Subjects and phenotypes
We analyzed both real and simulated (replicate 59) data sets. Each data set comprised two cohorts: the "original cohort," enrolled in 1948, was examined every two years for total of 21 visits; the "offspring cohort," enrolled in 1971, was examined every four years (following an initial 8-year interval) for total of 5 visits. We analyzed the phenotype systolic blood pressure (SBP), together with covariates cohort, age at exam, sex, hypertension treatment (HRX), and body mass index (BMI). All subjects with phenotype data on at least three visits (N = 2583 and 2686 from two cohorts combined for the simulated, S, and real data, R, respectively) were included in this analysis. The average number of intermittent missing SBP observations was 0.88 (SD = 1.97, ranging from 0 to 17) in Cohort 1 for the simulated data, and 0.68 (SD = 1.70, ranging from 0 to 12) for the real data. For Cohort 2, the means were about 0.20 and 0.06 (both SD = 0.7, ranging from 0 to 2). For the last visits, only 41.3% (R) and 21.5% (S) had SBP values in Cohort 1, whereas most of Cohort 2 returned (both 90.9%).
Since exams were scheduled at regular intervals and height and weight did not vary much from visit to visit, we imputed intermittent missing values in these variables using deterministic rules (missing data due to premature truncation were not imputed). For Cohort 1, missing ages were imputed by adding two years to the age at the previous visit; for Cohort 2, four years were added to the age at previous visit, except for the second visit, when eight years were added to the age of the first visit. If the imputed value was greater than or equal to age at the next visit, three years were subtracted from the age at the following visit. Missing heights and weights were replaced by the most recent value. Several subjects had no height information (three in the real data and one in the simulated data), so we estimated their heights by single imputation, based on a regression of height on weight from subjects with available data.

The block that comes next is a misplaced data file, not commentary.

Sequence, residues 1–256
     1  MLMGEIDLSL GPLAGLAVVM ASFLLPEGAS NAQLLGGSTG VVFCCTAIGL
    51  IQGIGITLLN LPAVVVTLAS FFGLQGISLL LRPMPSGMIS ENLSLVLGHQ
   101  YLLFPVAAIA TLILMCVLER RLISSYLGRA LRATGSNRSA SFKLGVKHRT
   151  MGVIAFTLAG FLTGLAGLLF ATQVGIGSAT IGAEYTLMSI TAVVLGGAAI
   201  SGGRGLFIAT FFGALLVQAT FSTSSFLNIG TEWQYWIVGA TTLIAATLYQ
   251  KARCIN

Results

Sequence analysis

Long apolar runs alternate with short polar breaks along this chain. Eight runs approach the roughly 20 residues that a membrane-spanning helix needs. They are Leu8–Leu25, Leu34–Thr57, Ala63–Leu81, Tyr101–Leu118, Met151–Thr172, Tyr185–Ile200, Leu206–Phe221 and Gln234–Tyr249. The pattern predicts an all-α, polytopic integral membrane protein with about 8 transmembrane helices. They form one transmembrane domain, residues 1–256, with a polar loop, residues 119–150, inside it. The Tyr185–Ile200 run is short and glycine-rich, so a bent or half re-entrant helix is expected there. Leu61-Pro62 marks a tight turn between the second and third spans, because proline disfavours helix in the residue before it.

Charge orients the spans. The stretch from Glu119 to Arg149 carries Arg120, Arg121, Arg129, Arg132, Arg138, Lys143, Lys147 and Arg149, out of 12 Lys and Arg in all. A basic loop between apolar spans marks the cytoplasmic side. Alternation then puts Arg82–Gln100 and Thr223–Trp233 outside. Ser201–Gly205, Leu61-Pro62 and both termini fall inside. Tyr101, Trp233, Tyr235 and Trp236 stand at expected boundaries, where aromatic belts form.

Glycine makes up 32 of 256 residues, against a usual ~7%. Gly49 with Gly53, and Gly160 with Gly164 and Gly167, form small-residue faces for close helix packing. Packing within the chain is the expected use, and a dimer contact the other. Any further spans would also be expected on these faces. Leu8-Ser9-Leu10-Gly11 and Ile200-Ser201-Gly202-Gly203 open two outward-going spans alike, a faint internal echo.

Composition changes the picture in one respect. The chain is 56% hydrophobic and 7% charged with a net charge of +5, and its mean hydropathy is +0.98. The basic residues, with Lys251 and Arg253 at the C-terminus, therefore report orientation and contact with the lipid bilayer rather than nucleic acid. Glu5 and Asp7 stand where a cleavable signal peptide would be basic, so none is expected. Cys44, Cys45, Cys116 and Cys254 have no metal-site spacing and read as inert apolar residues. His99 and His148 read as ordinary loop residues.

We assumed that SBP values were MAR and multivariate normal. Multiple imputation inference assumes that the model used to analyze the imputed data (the analysis model) is the same as the model used to impute missing values (the imputation model) . However, this is not a critical assumption as long as the variables that appear in one model but not in the other are not related to the dependent variable, and additional variables can be used to improve the imputation that are not needed in the analysis model . In our analyses, age, BMI, HRX, and SBP were included in the imputation, but only sex, BMI, and SBP were included in the analysis model. Hypertension treatment was addressed separately before the analysis, as described below.
Two different imputation methods, propensity score [8, 9] and regression methods [3, 10], were compared to address the problem of potentially informative missingness. We also compared the two imputation methods to the case-wise deletion method for real data and complete data analysis for simulated data. The propensity score and regression methods require a monotone missing data pattern. Since these data had an arbitrary missingness pattern (for example, HRX was missing when SBP was observed and/or SBP at visit 4 was missing when SBP at visit 5 was observed), we applied these methods in a "time-wise" two-stage manner to data sets with intermittent missing values. First, we dealt with missing HRX and SBP at each visit chronologically. HRX was imputed first using age and BMI at that visit t and SBP from all previous visits t- since HRX at visit t only depends on HRX and SBP at visit t-. Then SBP at visit t was imputed, conditional on recorded or imputed HRX at visit t. Only the intermittent missing data (subjects who returned for subsequent visit) were imputed; further "premature truncations" were not imputed.